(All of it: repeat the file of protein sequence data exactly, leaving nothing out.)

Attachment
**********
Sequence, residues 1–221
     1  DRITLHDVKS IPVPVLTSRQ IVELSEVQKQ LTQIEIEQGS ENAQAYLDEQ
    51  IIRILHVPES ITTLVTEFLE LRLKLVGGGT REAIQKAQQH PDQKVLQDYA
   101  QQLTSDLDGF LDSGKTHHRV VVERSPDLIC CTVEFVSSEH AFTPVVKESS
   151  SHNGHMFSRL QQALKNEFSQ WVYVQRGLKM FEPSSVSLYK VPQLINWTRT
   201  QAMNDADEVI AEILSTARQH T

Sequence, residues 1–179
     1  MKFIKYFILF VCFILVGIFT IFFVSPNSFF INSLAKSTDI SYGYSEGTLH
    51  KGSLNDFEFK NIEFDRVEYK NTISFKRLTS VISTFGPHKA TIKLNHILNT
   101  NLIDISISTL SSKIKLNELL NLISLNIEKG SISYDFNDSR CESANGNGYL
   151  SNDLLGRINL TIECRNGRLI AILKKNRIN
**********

Sequence, residues 1–221
     1  DRITLHDVKS IPVPVLTSRQ IVELSEVQKQ LTQIEIEQGS ENAQAYLDEQ
    51  IIRILHVPES ITTLVTEFLE LRLKLVGGGT REAIQKAQQH PDQKVLQDYA
   101  QQLTSDLDGF LDSGKTHHRV VVERSPDLIC CTVEFVSSEH AFTPVVKESS
   151  SHNGHMFSRL QQALKNEFSQ WVYVQRGLKM FEPSSVSLYK VPQLINWTRT
   201  QAMNDADEVI AEILSTARQH T

Sequence, residues 1–179
     1  MKFIKYFILF VCFILVGIFT IFFVSPNSFF INSLAKSTDI SYGYSEGTLH
    51  KGSLNDFEFK NIEFDRVEYK NTISFKRLTS VISTFGPHKA TIKLNHILNT
   101  NLIDISISTL SSKIKLNELL NLISLNIEKG SISYDFNDSR CESANGNGYL
   151  SNDLLGRINL TIECRNGRLI AILKKNRIN